The Rot Doctor


Subject: Surveying a 20yr old hull
Date: Tue, 11 May 1999

Hey Dr. Rot, I have a 23ft Seacraft that has been in my family 20yrs. It has always been on a trailer and has been well drained ie: no stagnant water in the bilge even though it has been sitting since Hurricane Andrew wiped us out 6 yrs ago. My question is how do I survey the transom to see if it has wood rot as Im told the Seacrafts are notorious for this. It would be cheaper for me to renovate this boat with a new outboard and a new gas tank etc and besides it has great nostalgia value to me. There are no visible nor palpable soft spots and I have removed the deck to get at the inside of the transom but cannot get close enough to do a drill sample. Any suggestion would be greatly appreciated.
Thankx, Mark S.


Renovations are good. A little work, but lots cheaper. Good for you.

Initially, there are two things you can do. First, press hard on the exterior glass of the transom and see how much "give" there is. Does the glass flex inward when you press hard? If so, then there is a vacancy there and that means bad wood, or no wood (it sometimes just turns to powder and falls to the bottom.) Secondly, rap the outside of the transom with the butt of a screwdriver or something and listen to the sound. Sound hollow? Do you hear a different sound from one part of the transom to another. If so, then that means you have different densities inside, and is another indication of probable bad wood.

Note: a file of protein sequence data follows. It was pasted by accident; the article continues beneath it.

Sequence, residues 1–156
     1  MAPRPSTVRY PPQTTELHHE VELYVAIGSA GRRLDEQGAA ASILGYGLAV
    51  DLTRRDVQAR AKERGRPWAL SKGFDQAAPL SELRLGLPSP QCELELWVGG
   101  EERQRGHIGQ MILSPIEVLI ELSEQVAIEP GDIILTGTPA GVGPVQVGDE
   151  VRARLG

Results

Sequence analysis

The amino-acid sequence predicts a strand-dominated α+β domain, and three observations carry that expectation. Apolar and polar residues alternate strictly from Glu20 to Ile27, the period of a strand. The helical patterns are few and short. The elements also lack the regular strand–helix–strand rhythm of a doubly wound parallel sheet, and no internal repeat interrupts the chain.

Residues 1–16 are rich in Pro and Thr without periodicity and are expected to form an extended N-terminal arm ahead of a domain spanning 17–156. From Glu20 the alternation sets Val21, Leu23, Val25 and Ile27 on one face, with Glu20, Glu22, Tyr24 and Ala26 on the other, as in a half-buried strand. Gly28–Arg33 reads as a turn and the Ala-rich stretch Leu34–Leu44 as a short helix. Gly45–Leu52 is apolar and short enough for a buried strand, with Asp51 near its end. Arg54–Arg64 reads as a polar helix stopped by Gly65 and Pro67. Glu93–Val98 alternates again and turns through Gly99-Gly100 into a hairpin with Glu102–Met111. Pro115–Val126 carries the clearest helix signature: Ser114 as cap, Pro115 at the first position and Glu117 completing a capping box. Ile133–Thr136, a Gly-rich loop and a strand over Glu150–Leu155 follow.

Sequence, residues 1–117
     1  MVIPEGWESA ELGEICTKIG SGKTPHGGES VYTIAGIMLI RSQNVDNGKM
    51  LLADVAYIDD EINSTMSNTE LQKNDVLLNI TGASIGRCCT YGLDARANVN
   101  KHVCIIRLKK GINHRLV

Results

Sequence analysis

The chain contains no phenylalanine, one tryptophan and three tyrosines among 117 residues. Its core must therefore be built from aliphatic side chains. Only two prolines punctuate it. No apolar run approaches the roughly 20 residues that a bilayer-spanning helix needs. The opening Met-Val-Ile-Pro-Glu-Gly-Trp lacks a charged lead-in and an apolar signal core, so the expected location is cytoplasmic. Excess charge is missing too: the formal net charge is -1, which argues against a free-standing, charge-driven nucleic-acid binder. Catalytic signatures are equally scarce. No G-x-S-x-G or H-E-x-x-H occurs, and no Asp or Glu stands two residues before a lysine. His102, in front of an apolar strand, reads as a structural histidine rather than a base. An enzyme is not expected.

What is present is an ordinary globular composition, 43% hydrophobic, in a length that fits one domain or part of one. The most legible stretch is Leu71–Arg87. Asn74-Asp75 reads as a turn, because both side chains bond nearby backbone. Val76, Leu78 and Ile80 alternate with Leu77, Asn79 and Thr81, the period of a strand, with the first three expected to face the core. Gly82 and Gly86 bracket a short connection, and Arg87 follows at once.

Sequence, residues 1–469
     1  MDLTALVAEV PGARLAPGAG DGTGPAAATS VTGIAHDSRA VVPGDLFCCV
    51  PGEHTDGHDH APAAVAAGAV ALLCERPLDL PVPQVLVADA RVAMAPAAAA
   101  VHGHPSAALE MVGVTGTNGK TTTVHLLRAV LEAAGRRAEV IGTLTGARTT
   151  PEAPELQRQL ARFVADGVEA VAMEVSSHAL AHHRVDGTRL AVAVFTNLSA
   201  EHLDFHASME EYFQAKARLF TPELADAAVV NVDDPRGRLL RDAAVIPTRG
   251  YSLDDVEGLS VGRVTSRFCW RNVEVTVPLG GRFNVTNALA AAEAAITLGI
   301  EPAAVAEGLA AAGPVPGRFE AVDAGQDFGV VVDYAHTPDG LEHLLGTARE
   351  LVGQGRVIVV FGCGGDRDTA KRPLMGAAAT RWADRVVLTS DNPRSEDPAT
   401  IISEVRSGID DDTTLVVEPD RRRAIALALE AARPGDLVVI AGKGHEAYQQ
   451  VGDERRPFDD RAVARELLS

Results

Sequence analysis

Beyond the above, you test drill through the outside of the transom (you can go back later and fill the holes with Epoxy Filler). Get a 1/4" drill and bore through the glass and see if you hit wood. You may hit nothing -- the drill will just punch through. If you do hit wood, what does it look like coming out on the drill bit? Pretty solid? Kind of rotten? If you hit a vacancy or bad wood, drill no further because you have something you're going to have to fix. And it is fixable. You can plan on spending anywhere from about $200.00 to $500.00 on epoxy materials to repair, depending entirely on how you solve the problem. As usual, more work = less money, and visa-versa.

Make the tests/drilling and then get back to me on what you find. There is also some info in our letters section on how these repairs are made.


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